Delta Removed The Flight We Were Booked On From The Schedule (But Only For 19 Days)

I was going through email and saw one from Flying Blue. Since it was most likely regarding our upcoming award reservation, I read it right away. The first line wasn’t what I wanted to see.

I would like to inform you of the cancellation of your flights.

At first, I was worried it was regarding the confusion when booking and the eventual help from a Flying Blue agent needed to issue the tickets for flights. I was relieved when I continued reading:

I have already rebooked your flights for you. For more details about your reservation ******, please go to ‘My reservations’ on airfrance.com. Also, we have sent ticket separately.

We had booked flights from FRA-DTW-MCO in Delta One. Not my preferred routing but it was the only thing available with miles. It turns out Delta has canceled the FRA-DTW flight.

The strange thing is that they only removed the flight from the schedule for 19 days, From December 20th to January 7th.

Screenshot 2019-10-09 20.50.30

The only thing I can imagine is that the flight is typically full of business travelers who will not be flying over the holidays so the route will not be profitable over those days.

Now I’ve heard of flights being seasonal or only flying on certain days but I’ve never seen a flight disappear from the schedule for such a short period of time.

This story does have a silver lining because Flying Blue has rebooked us onto Delta flights from FRA-JFK-MCO which leaves at the same time but arrives home 90 minutes earlier. This flight wasn’t available with miles when I booked (and still isn’t.)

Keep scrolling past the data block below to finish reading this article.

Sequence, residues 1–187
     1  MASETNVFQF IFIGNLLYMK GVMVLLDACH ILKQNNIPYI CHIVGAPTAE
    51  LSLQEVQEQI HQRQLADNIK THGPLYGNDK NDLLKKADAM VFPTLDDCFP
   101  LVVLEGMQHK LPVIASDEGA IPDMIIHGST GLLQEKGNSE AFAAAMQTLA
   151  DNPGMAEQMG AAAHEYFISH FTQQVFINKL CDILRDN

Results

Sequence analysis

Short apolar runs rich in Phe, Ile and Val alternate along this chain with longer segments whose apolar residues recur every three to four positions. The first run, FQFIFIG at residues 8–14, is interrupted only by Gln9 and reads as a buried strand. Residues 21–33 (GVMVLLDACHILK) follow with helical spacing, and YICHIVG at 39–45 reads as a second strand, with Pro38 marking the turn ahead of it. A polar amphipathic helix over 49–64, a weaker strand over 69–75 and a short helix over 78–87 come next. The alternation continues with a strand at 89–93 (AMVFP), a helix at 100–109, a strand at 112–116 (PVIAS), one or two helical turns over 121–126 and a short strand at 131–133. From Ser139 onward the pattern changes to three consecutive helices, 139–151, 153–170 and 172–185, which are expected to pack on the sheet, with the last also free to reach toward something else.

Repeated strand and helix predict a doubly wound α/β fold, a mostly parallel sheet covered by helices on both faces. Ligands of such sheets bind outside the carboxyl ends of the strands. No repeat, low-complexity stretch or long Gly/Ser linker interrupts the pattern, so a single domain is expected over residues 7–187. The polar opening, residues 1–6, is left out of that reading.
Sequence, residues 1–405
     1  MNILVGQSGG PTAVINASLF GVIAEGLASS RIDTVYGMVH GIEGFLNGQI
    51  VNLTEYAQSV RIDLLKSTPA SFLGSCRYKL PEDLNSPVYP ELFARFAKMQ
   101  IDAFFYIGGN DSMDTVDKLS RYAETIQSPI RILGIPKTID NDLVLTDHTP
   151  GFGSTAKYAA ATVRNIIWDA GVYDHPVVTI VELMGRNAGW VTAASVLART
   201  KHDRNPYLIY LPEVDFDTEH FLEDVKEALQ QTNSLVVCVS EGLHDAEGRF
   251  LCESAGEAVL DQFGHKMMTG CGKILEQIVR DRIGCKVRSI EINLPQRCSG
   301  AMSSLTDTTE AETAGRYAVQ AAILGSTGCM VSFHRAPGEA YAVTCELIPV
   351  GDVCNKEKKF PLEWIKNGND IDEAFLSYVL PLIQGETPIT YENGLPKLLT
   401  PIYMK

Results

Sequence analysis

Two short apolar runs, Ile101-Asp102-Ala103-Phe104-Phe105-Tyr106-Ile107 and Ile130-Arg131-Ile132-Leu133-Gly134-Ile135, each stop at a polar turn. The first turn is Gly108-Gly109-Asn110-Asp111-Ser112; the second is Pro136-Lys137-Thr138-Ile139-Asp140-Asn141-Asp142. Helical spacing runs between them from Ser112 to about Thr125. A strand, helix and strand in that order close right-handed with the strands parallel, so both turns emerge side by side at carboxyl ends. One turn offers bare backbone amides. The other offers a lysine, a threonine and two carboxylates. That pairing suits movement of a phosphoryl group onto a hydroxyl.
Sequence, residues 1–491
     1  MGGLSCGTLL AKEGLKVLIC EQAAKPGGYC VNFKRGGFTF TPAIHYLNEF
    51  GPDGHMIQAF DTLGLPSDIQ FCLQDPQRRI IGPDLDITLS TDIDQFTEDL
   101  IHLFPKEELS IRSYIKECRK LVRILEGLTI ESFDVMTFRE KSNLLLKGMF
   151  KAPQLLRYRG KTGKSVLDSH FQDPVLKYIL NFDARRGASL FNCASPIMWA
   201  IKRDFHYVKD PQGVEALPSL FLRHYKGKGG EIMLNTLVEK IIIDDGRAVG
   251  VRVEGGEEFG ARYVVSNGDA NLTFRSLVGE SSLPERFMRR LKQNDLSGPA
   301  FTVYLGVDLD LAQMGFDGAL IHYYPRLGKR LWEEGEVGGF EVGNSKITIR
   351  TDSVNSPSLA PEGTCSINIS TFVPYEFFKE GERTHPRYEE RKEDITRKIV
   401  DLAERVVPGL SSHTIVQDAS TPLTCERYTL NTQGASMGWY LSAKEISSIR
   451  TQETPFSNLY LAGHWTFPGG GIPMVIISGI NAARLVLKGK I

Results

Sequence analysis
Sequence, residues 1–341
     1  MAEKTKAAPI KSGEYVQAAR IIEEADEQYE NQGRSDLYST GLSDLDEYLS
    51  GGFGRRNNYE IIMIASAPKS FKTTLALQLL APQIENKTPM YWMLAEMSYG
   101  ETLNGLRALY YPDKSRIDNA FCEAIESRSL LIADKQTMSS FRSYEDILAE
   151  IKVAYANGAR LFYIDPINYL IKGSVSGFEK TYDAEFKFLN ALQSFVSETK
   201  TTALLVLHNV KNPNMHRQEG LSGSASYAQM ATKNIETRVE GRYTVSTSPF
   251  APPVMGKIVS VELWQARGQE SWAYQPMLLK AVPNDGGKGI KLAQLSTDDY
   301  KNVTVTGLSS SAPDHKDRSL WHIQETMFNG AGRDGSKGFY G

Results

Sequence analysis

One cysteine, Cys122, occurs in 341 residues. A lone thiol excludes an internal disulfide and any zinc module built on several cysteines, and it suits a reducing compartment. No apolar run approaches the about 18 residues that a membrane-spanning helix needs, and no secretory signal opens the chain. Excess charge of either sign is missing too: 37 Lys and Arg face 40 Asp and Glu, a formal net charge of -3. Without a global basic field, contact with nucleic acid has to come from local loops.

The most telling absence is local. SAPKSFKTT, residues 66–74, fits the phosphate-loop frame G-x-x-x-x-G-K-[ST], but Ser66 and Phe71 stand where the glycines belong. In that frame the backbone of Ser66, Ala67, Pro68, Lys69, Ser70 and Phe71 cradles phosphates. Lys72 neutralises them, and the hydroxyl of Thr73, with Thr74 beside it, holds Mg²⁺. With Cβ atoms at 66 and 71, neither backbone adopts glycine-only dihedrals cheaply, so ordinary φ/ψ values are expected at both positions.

However, I’m not crazy about flying into JFK in the winter. The thing I’m wondering is if I should try to get them to change us to the FRA-ATL-MCO flight since there’s less chance of bad weather (snow) in Atlanta and there are way more flights from ATL-MCO than from JFK in case we’re delayed. I have no other reason to justify the change because both flights arrive at the same time with the Atlanta flight leaving Frankfurt 1 hour later and having an hour shorter connection than the JFK option. Both flights are on a Delta 767 so no difference in the hard product.

Final Thoughts

Flight cancelations can wreak havoc on a carefully planned itinerary. They can cause missed connections on separate reservations with no reasonable alternatives available. This is even a bigger problem when dealing with award tickets and adding in the fact that this ticket was for a flight on an alliance partner only makes things more difficult.

The fact that we were moved to a flight which I would have preferred to book if it was available is a nice surprise. That’s why I’m hesitant to try to mess with it and try to change the connection to Atlanta instead of New York. Would I be pushing my luck or should I take the position that Delta is the one who canceled the flight so I can ask for which flights I want to replace it?

What would you do?

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This post first appeared on Your Mileage May Vary

2 thoughts on “Delta Removed The Flight We Were Booked On From The Schedule (But Only For 19 Days)”

  1. That’s nothing. I (and I’m not the first person to have this happen) had a carefully planned award on AA leaving on Thanksgiving day. MCI-PHL-AMS and same return. A unicorn miracle in business class that I found in June on AA metal. It got changed once in about July to reroute us through ORD but I assume the 737 max issue was the issue. Then it got changed again. AA dropped their flight from PHL-AMS for like 3 or 4 days during that week and then it resumes. That would have been bad enough but AA fixed it by just dropping that segment off and leaving it with no email etc. When I checked it we had MCI-ORD-PHL and then AMS-PHL-MCI. The reservation agent was perplexed but I’ve since seen other have similar issues on AA recently. Luckily we got it booked through LHR partly on BA with AA eating the fees.

  2. Even if both segments have international equipment, I like your idea of asking for connecting in ATL better because it is less likely to suffer from weather delays, gives more uninterrupted time (and thus a better chance to take a nap), and more time with international service which is generally better than domestic.

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